Control is filled with iconic collectibles, but the most memorable are the bizarre set of short episodes of the puppet show Threshold Kids. These shows firmly fall into the “absurdly creepy” category. The voice acting is slightly off, the puppet movements are jerky instead of smooth, and the whole tone of them is just inappropriate for its intended audience of children. The puppets themselves are nightmarish, but an additional episode can be found in the Foundation DLC that takes the Threshold Kids from weird-but-charming to truly unsettling. This rejected episode has distorted sound and even more unhinged visuals that push it even further into the realm of horror.
P6 Victim Autopsy
Working at the FBC has its risks. What might start off as a normal workday might end up with an employee getting hurt by a rogue building shift or the like. But nothing prepared the sad NPC detailed in this autopsy report for their fate. Control redacts information in several collectible documents, and the final redaction in this report is expertly applied: “After examination, it was determined that the cause of death was internal bleeding that occurred when the [REDACTED] was contorted through his [REDACTED].” The player’s imagination fills in the blanks better than any text could. This collectible also does double duty, helping to establish the stakes of how dangerous P6 is, and the threat posed if P6 isn’t taken care of.
Some of the creepiest content in Control are Correspondence. Scattered through the FBC are letters from people throughout the world who have experienced or are currently experiencing some kind of paranormal phenomena. Some of these Correspondences skew funny, but most, like Pinstripe World, is confusing and unsettling. The content of the letter is just one phrase, repeated over and over: “I’m a plaid suit in a pinstripe world.” One can imagine the letter-writer, feverishly compelled to write, hunched over as they scribble the phrase on a piece of paper and send it somewhere, anywhere. What’s curious is that in the middle of the page, there’s a redacted phrase. Logically, the player knows that it’s probably just that same sentence- but what if it isn’t? What if the redacted phrase unlocks the whole thing? The black block is never removed, and the player is left to wonder if there is something else contained within the rambling.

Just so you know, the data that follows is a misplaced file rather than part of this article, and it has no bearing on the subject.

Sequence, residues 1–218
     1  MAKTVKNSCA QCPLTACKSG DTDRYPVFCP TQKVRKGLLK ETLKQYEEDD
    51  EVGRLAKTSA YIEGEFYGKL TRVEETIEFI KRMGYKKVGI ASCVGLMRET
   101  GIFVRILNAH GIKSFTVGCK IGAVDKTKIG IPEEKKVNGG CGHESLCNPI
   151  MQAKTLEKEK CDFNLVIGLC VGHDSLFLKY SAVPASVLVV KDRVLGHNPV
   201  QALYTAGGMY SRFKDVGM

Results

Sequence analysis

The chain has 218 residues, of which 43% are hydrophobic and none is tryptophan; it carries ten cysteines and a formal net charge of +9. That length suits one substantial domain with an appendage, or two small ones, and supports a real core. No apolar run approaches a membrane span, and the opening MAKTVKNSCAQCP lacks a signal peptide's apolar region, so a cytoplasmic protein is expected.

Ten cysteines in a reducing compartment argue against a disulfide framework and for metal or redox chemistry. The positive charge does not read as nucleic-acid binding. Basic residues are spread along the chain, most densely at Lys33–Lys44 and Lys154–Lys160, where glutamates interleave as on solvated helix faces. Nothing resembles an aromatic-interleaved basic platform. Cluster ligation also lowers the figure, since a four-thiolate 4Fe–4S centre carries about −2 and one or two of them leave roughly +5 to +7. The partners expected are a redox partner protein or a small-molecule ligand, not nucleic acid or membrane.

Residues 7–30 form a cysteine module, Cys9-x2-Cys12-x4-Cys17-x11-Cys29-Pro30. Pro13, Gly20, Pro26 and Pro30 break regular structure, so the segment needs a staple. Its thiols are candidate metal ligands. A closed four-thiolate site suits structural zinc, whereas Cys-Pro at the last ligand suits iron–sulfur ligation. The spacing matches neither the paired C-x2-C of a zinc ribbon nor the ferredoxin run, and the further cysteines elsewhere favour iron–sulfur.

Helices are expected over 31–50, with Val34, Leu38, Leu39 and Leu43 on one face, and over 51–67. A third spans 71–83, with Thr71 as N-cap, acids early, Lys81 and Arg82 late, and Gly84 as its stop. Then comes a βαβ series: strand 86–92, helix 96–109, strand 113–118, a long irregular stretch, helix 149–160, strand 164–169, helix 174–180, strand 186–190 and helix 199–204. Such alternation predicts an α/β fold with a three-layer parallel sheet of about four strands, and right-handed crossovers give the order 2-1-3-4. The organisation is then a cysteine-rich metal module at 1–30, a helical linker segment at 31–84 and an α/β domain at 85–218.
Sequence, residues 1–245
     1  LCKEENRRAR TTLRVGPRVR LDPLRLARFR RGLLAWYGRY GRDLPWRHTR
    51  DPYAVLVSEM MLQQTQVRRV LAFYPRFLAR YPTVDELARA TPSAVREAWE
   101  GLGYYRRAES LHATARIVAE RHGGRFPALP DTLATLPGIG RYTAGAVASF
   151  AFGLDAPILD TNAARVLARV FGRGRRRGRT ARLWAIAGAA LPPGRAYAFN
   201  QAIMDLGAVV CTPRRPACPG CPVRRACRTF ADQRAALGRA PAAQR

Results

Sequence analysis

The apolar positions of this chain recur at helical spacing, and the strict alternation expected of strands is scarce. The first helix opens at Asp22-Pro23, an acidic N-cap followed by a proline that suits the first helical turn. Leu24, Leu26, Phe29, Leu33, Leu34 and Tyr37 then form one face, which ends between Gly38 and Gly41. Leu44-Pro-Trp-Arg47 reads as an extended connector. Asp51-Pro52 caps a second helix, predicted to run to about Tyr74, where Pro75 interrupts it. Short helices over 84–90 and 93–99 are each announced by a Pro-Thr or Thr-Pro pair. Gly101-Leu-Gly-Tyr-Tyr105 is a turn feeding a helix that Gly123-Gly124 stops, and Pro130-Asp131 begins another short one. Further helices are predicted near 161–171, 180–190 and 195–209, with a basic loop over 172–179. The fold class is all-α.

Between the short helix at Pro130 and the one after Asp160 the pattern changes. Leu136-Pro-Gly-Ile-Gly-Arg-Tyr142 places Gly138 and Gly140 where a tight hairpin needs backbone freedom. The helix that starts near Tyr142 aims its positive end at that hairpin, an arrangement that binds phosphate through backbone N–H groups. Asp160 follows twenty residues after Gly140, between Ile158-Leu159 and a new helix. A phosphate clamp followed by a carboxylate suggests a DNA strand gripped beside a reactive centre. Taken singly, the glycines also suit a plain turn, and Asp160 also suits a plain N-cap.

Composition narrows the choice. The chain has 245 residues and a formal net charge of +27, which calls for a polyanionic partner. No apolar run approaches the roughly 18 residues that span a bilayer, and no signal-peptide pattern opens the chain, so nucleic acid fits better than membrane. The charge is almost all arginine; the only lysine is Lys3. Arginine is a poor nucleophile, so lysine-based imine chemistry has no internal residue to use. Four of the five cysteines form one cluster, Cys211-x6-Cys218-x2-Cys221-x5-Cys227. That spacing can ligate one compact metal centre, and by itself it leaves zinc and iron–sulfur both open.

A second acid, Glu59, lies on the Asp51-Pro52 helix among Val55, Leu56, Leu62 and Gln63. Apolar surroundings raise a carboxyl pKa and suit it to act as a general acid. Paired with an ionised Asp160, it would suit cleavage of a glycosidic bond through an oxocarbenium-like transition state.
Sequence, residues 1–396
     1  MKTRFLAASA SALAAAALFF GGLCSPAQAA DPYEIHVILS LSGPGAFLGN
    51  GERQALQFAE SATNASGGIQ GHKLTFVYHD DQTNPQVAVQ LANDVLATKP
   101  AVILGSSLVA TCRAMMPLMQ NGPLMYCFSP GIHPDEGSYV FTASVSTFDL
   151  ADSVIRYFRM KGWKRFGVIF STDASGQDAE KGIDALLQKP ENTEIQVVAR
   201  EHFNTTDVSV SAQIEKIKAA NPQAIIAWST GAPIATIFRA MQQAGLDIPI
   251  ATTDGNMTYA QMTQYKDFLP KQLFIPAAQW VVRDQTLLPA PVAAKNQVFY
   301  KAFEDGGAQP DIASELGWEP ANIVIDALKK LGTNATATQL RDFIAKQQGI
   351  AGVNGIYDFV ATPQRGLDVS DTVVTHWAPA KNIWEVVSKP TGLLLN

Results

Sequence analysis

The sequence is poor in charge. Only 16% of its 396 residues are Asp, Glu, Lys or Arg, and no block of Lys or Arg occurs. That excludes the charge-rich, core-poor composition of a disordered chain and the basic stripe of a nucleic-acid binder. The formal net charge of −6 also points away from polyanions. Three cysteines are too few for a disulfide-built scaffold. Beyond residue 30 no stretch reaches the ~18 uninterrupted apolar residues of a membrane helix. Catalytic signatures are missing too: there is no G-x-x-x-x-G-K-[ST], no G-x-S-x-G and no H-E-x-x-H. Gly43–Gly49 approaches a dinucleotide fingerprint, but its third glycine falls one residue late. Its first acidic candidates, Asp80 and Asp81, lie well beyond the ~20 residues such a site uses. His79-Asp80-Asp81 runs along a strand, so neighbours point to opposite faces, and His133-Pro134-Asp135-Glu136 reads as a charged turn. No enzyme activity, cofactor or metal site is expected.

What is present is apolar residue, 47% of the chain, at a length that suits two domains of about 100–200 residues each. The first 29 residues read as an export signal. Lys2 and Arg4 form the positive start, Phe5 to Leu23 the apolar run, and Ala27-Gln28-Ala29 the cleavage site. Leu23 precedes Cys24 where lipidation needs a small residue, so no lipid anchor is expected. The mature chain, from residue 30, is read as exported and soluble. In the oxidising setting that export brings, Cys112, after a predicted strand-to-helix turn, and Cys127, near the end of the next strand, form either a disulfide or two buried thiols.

America Overnight Ep. 367 and Green
This final dual entry perfectly summarizes how Control handles collectibles. They might seem like a random assortment of Altered Item assessments, office memos, confusing videos, and strange audios but taken as a whole, the collectibles inform and provide context for each other. Take the case of the radio program America Overnight Ep. 367 and the Correspondence titled Green. On the one hand, a radio show is interviewing Peggy from Biloxi, a woman whose husband has potentially been ensnared by a dangerous Himalayan salt lamp. On the other, the perspective of the man the salt lamp has captivated. Players might find one collectible and not the other, but seeing them both side-by-side is heartbreaking and horrifying. After listening to just a few seconds of Peggy from Biloxi’s phone call, the radio host cuts to commercial while asking Peggy to stay on the line. We never hear the outcome but can only hope someone from the FBC made it there on time. The side of the coin is the Correspondence. It’s from Peggy’s husband, who desperately wants to keep her safe but doesn’t know how, because he doesn’t know where he’s gone. It’s a short letter but combined with the brief radio clip, it paints a chilling picture of the danger of Objects of Power and Altered Items on an unsuspecting public.
Control is filled with moments of awe and terror. Finding collectibles is almost always worth it, because players never know what stories they’ll uncover next. Whether it’s something comical or confounding, The Oldest House never fails to provoke. Remedy’s writing team and narrative designers have done a fantastic job of creating mysteries that delight as well as unsettle, and it’s why Control is still an incredibly popular game an entire year after its release.